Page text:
In Khyber Pakhtunkhwa the government has decided to make it mandatory for female students of government-run schools to cover themselves up in the province’s educational institutions, Adviser to Chief Minister on Elementary and Secondary Education Ziaullah Bangash said on Monday.
“We came across some situations during our recent visits to tribal areas and Kohistan that prompted us to take this decision,” Bangash told DawnNewsTV, without specifying what these situations were.
The order was first circulated in Haripur district last week, where the district education officer asked all principals and headmistresses of government schools to ensure that girl students wore an abaya, gown or chador.
“We have sensitive areas in the province which require safety procedures for the children,” he said, adding that the decision is “also in line with the tribal values and the traditions of Islam”.
“This step has been taken particularly to remove the doubts raised by parents about the safety of their children” the adviser further said.
The adviser said that it was important to focus on the education of both boys and girls in the province. “Our focus is on educating our girls and we should take every step to enable this,” he added.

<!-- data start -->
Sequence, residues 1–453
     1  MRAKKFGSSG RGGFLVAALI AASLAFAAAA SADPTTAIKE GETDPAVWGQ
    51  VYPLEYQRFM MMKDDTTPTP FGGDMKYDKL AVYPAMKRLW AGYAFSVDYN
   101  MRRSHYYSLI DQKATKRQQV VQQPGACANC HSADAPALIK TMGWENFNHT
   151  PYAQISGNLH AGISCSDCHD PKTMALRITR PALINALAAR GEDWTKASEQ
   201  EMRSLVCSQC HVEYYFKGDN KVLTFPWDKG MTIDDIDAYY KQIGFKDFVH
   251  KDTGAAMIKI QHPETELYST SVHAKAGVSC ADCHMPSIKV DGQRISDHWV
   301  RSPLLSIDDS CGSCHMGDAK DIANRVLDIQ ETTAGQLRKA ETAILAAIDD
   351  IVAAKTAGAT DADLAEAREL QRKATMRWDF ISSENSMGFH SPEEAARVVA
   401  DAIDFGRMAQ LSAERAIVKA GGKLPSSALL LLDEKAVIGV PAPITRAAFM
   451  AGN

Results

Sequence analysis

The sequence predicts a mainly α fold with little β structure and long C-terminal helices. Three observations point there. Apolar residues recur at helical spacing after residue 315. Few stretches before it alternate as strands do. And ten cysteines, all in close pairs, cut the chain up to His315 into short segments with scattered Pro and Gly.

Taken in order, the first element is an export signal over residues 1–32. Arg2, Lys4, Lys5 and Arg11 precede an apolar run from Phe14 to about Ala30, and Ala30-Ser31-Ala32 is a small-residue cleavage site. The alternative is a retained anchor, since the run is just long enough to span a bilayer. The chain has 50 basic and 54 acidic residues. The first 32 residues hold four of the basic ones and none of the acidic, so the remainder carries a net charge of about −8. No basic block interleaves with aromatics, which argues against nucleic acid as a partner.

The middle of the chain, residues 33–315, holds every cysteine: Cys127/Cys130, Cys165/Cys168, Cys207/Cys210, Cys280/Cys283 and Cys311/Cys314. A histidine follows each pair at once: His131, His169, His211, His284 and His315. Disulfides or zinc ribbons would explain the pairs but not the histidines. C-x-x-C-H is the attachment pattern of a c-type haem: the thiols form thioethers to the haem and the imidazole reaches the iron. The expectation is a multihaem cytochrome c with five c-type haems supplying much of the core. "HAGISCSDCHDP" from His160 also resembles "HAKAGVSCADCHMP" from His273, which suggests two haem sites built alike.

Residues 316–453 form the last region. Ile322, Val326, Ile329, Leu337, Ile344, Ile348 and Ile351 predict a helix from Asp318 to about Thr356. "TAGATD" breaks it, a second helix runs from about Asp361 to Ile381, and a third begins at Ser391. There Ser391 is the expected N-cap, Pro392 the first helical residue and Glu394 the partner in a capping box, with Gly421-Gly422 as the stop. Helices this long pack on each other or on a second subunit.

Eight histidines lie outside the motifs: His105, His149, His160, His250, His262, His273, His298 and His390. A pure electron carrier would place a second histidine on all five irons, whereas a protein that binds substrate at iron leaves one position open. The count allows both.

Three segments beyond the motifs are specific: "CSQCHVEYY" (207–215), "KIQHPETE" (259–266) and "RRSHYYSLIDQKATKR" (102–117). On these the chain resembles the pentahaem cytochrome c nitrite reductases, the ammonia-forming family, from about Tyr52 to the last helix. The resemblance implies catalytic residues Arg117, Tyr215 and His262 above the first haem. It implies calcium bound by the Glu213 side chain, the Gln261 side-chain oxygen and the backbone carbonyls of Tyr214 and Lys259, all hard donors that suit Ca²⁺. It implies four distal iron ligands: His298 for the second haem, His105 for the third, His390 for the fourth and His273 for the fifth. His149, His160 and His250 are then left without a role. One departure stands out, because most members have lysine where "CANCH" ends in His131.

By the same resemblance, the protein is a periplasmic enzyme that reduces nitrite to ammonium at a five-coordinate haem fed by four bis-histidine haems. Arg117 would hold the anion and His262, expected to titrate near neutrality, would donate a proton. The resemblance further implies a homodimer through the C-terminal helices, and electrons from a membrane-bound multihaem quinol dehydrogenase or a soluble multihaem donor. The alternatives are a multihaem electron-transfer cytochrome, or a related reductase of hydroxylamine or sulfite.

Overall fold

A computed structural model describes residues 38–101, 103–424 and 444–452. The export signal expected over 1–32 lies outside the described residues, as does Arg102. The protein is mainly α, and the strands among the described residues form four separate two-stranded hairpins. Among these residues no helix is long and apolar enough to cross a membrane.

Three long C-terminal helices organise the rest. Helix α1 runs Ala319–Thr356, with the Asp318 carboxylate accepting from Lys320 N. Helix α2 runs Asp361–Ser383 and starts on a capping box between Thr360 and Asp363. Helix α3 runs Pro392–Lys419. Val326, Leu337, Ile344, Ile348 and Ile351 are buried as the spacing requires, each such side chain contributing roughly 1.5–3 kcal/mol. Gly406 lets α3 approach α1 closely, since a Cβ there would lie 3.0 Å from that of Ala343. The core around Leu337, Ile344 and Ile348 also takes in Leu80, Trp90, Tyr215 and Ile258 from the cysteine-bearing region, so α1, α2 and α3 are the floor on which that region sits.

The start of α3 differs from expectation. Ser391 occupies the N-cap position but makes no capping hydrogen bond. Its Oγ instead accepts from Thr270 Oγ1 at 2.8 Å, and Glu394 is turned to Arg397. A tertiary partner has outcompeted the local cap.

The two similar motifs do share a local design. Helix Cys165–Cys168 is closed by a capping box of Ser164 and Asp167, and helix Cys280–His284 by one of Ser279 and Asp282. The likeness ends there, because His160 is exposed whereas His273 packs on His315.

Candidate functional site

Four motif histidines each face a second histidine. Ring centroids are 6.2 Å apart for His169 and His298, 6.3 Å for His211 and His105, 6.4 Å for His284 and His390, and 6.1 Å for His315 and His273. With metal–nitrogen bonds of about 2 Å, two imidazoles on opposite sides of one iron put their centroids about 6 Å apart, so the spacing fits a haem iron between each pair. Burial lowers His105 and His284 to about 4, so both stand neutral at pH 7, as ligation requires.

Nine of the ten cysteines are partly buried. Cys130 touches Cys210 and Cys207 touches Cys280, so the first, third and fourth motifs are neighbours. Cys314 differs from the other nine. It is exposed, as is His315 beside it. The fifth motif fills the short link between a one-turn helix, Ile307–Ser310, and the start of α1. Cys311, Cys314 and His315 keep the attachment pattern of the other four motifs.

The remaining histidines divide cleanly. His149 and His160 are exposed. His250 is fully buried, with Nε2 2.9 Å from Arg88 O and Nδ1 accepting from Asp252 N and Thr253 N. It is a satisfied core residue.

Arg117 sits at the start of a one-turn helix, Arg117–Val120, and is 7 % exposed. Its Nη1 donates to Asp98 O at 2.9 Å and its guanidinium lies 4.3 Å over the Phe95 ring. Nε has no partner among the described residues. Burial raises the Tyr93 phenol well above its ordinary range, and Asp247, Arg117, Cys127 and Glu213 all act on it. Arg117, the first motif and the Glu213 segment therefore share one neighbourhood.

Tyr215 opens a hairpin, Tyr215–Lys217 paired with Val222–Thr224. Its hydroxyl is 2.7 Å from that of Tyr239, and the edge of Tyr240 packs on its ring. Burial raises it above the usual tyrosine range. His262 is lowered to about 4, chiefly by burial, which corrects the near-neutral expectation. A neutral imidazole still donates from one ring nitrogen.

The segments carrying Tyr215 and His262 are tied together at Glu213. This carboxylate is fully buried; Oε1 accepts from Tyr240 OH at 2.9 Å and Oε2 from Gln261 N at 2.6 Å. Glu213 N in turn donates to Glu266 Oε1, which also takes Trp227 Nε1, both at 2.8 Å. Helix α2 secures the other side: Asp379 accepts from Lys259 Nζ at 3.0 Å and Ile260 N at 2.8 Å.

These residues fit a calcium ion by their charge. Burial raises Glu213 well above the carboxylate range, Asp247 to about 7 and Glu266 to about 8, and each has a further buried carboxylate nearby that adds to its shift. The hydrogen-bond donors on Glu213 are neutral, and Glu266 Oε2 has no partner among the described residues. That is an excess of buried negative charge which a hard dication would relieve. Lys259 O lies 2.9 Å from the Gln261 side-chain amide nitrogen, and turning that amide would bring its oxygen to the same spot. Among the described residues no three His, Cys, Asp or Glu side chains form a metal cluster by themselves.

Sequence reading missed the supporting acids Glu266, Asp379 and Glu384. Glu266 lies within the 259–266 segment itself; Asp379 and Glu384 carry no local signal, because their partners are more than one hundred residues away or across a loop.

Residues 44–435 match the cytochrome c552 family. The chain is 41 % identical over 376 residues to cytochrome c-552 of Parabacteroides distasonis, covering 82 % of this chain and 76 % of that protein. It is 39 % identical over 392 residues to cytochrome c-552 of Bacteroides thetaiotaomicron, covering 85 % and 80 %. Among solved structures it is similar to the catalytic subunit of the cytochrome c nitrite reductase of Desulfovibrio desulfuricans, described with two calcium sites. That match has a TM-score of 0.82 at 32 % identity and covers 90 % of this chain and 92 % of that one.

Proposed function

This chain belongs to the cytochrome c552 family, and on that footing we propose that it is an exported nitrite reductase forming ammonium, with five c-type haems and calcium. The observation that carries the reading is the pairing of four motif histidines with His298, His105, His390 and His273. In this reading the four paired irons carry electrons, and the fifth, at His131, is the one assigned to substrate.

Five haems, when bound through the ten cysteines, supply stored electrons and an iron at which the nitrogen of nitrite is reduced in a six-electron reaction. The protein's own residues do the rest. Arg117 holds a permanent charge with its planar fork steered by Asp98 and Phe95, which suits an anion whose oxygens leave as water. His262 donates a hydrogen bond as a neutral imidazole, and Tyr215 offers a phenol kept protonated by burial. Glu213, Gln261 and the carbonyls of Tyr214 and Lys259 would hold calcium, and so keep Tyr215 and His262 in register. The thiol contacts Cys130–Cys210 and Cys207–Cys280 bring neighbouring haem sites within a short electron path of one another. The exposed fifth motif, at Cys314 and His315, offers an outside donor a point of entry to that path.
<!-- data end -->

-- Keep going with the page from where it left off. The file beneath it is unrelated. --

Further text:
“We have to take decisions which are in the best interest of our culture, people and the province. If such a measure can convince the parents to send their girls to schools, why not go ahead with it?”
Earlier today, the decision was imposed in Peshawar through a notification issued by District Education Officer Samina Ghani, who directed the heads of all government girls middle, high and higher secondary schools in the district to instruct their students to cover themselves up with a gown, abaya or chador “in order to protect them from any unethical incident.
Commenting on the dress code, an official in the Haripur district education office had earlier told to media that the decision was “essential to protect girl students from a growing number of complaints of eve-teasing and harassment”.
“A good number of girl students have established a habit of wearing dupatta or ‘half chador’, which is not satisfactory to cover their bodies,” the official had added.
Former KP education minister and Awami National Party MPA Sardar Hussain Babak criticised the decision, saying it will have a negative impact on education trends.
“To make the abaya or burqa compulsory through a notification will have a negative impact,” he said, adding that in KP many school-going girls already wear the burqa.”